The Greeks didn’t have a word for it


A lot of statements about the ancient Greeks, the Romans, and sexuality can be found on Christian websites. They give the impression that there’s complete certainty surrounding their comments, for example on the Greeks ‘tolerating homosexuality’, phrasing which implies a historically-consistent ‘thing’. But in fact there’s still plenty of debate in the scholarly community, where the statements that travel round the web originate. As part of the Day Job, earlier this week I attended the launch event for a re-issue of one of the most influential books from my student days: Sir Kenneth Dover’s Greek Homosexuality, first published in 1978. The cover of the re-issue, shown here, uses the same image as the original, Ganymede with a hoop (and a cock – yes – it’s a gift from Zeus), but zooms in on it; the hoop invites the viewer through to look at the boy’s genitals, but this new edition conveniently covers them with an ‘O’. That in itself is an interesting comment on what we can, and can’t, ‘see’ in the past.

In terms of whether the Greeks ‘had a word for it’, they had a lot of words for whichever ‘it’ we have in mind. Continue reading

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Behind closed doors


This image is licensed under the Creative Commons Attribution-ShareAlike 3.0 License.

So, next stop for the Shared Conversations: General Synod in July, as discussed at the last meeting of GS. This will be the third stage, following the conversations in the House of Bishops and then the Regional conversations, in one of which I took part. Last week’s Church Times announced the imminent General Synod ones with the snappy headline “York Synod will close its doors to talk about sex”. What this seems to mean is simply that the campus will be closed; no press, no visitors observing proceedings. Simon Butler, the Prolocutor of the Lower House of the Convocation of Canterbury, expressed the hope that “people will talk together over meals and in the bar, which is why the shared conversations worked so well regionally, as we had the time to engage with one another as people rather than as representatives of a particular party line.”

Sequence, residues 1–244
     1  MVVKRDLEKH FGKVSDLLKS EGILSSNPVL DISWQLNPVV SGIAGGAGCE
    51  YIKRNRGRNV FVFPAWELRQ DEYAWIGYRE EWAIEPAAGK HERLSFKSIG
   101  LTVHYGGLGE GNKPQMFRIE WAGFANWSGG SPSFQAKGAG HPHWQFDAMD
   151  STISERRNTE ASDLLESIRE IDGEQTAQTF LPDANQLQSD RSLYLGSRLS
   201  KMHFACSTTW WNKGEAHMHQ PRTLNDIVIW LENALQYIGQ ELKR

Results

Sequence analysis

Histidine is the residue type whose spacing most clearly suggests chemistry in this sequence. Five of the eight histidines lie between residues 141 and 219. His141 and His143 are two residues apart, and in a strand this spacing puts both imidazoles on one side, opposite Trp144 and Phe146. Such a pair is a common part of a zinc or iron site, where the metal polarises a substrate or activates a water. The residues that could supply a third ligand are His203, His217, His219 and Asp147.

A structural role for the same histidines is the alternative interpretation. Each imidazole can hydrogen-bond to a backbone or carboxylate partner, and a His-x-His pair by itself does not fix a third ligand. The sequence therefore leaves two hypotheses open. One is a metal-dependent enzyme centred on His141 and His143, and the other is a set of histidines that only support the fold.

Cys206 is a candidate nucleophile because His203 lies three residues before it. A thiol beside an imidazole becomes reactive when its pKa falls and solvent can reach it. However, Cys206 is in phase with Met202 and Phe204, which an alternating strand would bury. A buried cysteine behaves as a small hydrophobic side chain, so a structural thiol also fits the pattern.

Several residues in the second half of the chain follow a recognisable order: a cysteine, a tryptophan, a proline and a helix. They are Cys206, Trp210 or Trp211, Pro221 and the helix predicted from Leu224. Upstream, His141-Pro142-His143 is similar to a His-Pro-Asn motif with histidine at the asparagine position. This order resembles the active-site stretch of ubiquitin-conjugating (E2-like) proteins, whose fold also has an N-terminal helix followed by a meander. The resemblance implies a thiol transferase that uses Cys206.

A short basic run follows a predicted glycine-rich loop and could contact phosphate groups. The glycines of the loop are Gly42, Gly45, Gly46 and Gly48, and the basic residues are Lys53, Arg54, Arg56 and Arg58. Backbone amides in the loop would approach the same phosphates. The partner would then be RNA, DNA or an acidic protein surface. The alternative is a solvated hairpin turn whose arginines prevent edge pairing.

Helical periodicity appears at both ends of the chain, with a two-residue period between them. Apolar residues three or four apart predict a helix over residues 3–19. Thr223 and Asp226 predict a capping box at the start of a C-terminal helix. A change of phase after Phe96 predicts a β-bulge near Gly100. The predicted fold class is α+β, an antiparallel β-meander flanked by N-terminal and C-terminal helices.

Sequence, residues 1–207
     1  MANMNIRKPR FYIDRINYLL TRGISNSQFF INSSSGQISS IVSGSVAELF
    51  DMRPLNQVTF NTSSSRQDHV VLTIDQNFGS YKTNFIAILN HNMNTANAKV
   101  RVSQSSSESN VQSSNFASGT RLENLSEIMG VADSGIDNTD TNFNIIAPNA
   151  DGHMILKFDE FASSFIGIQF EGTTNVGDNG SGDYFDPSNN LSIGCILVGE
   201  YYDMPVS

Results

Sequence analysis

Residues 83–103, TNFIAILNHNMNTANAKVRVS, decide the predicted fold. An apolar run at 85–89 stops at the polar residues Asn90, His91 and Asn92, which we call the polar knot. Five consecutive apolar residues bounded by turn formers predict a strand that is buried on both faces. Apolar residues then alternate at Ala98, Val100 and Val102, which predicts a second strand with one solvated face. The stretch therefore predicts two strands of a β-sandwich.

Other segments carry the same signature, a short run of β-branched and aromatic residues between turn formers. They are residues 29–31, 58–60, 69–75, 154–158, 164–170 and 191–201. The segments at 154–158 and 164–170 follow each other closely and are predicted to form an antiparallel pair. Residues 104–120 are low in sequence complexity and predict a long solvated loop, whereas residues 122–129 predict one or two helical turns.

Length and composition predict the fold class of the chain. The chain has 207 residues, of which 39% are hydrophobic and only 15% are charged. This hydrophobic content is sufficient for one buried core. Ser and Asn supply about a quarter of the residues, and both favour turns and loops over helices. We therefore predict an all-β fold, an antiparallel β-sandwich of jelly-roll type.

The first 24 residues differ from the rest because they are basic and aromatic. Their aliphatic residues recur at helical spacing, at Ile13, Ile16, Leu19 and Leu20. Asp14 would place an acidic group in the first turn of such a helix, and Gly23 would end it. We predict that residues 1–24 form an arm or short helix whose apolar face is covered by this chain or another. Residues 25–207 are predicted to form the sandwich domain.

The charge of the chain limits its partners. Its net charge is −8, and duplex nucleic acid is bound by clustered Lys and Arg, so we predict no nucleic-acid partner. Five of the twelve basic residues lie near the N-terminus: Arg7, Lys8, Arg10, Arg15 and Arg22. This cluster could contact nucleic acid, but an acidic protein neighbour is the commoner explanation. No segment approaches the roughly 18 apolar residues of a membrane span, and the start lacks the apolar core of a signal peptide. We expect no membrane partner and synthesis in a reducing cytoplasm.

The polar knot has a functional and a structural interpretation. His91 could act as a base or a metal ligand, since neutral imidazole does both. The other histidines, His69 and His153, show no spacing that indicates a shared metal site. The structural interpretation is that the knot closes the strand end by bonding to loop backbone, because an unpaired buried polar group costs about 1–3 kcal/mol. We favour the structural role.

From my point of view, though, as someone who served on General Synod and who took part in the Regional Shared Conversations, it’s not easy here to apply ‘why the shared conversations worked so well regionally’. Continue reading

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Meanwhile, back in the toilet…

This is the third in a series of reflections after the Shared Conversations (edited 31 March)